Negative experience with Curacao immigration yesterday. We were refused entrance to the country because we did not have an exit document from our last port, St. Croix, USVI. As US citizens, we are not required to check out of the USA, so we did not do so, and did not have a document. We had valid passports and boat document, but no matter. The official would not take our word for it. Bottom line, if you do not have an document to prove where you came from, you will not be granted entrance to Curacao. We were forced to leave.

lkgreen
lkgreen says:
Oct 02, 2016 04:20 PM

There appears to be very differing reports on clearance and length of stay issues. Some may be as a result of citizens of a certain countries are subject to different roles. We sail a US flagged vessel and my wife and I are US citizens. After almost 90 days in Bonaire, we sailed to Curacao arriving July 8 2016. Went to Customs,then immigration then the port office for a cruising permit. Based on what I have read I was under the impression I would need to fill out some additional paperwork and pay $300 fee to extend my initial 90 day stay to the full 180 days allowed. Last week I went first to Customs and asked what was required. After looking at our passports the Customs officer said nothing was required so long as we departed by the end of 180 days. I then asked,what about the boat? The Customs agent briefly spoke with her supervisor and reported that they thought nothing was required, but I should check.Next I went to immigration (under the highway bridge) showed my initial clearance documents and was told everything was good as long as I left, with the boat, by the end of the 180 days. No paperwork, no additional documents and no charge. Happily I left and started walking back to town, then it occurred to me that I probably needed to check on my anchoring permit. Went back d upstairs to the port control office asked. There I was told to make sure and come back on or before Oct 7th to buy a new anchoring permit for $10.00. The officer said it would be better for me to think about other authorized anchorages so I could pay one fee,and include any authorized anchorages on the same permit. If these responses were based on citizenship of vessel flag,maybe it would be a possibility for future commentators on clearance issues to identify their citizenship or vessel flag in order that we all have a better understanding of differing requirements that may apply to us.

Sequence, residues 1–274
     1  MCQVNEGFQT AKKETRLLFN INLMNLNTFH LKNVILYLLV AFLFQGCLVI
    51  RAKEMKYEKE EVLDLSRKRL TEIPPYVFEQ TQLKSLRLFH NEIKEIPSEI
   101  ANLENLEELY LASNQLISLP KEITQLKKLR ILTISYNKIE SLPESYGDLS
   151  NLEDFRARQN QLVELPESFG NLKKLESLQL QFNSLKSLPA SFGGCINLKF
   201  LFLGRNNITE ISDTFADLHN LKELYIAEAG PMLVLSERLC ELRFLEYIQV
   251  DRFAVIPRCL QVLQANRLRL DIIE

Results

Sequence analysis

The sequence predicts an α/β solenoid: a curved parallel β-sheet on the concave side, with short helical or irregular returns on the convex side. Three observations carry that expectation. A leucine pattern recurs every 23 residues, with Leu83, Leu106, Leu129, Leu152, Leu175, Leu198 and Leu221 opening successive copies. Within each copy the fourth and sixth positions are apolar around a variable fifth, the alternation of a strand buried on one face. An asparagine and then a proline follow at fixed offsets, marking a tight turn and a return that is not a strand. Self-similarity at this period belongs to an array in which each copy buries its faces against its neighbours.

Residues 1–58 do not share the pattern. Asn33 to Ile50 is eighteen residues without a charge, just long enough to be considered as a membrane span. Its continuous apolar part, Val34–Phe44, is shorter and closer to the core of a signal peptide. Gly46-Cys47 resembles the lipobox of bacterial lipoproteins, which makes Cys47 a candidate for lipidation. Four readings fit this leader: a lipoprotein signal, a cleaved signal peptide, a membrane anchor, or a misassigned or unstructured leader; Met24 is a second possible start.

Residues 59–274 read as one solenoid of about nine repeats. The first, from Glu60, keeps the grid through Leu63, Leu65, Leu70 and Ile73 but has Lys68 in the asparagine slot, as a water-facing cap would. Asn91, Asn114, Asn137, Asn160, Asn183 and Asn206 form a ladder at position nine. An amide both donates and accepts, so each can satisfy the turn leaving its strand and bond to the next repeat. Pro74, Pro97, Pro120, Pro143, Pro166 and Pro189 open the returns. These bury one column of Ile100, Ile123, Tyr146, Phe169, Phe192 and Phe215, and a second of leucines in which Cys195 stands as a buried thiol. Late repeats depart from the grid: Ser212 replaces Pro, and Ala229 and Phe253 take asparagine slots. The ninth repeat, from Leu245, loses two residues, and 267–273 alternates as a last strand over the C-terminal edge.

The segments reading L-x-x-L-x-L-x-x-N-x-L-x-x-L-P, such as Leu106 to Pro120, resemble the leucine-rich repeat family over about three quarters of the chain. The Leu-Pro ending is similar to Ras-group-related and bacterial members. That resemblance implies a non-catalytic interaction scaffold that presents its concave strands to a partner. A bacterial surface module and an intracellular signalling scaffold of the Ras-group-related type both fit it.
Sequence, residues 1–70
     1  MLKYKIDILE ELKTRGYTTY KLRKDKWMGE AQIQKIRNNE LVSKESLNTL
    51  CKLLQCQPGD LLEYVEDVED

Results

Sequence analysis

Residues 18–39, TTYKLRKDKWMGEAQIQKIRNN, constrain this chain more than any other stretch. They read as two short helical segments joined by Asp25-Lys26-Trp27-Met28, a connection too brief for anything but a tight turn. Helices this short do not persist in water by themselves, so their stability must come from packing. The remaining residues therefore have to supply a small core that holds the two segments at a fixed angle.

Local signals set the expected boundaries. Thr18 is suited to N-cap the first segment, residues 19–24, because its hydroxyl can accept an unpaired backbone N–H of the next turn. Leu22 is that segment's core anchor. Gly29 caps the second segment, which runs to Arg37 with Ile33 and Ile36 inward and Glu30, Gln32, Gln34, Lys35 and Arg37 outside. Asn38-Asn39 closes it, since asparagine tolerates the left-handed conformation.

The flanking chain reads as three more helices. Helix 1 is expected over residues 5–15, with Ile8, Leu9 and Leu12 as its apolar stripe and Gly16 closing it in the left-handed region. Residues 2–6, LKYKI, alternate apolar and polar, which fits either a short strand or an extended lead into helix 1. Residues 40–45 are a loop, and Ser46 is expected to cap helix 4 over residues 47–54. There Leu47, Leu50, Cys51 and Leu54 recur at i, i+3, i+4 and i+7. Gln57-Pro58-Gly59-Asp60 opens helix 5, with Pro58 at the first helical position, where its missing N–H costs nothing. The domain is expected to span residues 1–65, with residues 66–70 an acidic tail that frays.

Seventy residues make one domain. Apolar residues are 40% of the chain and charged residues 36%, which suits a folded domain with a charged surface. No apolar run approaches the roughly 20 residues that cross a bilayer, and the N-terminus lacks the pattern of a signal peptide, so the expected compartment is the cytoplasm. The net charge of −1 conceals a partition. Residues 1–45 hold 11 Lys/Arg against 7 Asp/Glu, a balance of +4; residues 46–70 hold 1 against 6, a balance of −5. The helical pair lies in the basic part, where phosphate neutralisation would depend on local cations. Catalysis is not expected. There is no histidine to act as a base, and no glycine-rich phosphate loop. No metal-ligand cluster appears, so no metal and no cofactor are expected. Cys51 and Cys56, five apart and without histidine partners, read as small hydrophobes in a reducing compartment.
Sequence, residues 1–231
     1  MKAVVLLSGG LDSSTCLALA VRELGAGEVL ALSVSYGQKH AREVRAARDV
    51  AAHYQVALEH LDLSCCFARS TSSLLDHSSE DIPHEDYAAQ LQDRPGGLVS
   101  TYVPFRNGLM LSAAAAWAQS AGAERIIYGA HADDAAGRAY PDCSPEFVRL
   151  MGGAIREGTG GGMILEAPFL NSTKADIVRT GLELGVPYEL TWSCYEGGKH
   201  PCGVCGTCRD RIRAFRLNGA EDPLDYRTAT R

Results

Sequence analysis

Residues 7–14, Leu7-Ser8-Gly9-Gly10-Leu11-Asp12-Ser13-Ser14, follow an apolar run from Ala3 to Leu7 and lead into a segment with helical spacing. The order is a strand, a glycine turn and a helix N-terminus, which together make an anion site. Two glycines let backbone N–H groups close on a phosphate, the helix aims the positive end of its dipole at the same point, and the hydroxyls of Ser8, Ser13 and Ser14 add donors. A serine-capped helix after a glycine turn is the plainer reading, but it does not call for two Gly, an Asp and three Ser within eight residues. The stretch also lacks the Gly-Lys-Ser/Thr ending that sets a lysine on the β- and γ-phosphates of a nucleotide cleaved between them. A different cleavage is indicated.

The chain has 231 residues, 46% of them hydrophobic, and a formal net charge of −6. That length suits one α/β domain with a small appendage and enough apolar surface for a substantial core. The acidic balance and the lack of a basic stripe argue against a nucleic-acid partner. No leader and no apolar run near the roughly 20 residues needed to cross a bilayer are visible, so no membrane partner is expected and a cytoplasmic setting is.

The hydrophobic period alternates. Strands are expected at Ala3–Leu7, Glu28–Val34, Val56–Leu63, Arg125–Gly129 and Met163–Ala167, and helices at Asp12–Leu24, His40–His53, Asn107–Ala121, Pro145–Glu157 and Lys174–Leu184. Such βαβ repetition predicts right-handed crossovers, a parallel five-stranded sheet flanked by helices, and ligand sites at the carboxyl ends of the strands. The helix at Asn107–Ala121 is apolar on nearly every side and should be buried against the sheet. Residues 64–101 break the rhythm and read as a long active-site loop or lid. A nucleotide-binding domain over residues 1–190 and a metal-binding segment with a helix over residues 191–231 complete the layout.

Indigo
Indigo says:
Sep 23, 2016 03:36 AM

Regarding the immigration offices. The port office for the initial check in/out is the same, but the main office for further enquiries that was noted at "Mortiersweg 5, Suffisant" has moved to the Punda office near Mcdonalds.

Indigo
Indigo says:
Sep 23, 2016 03:29 AM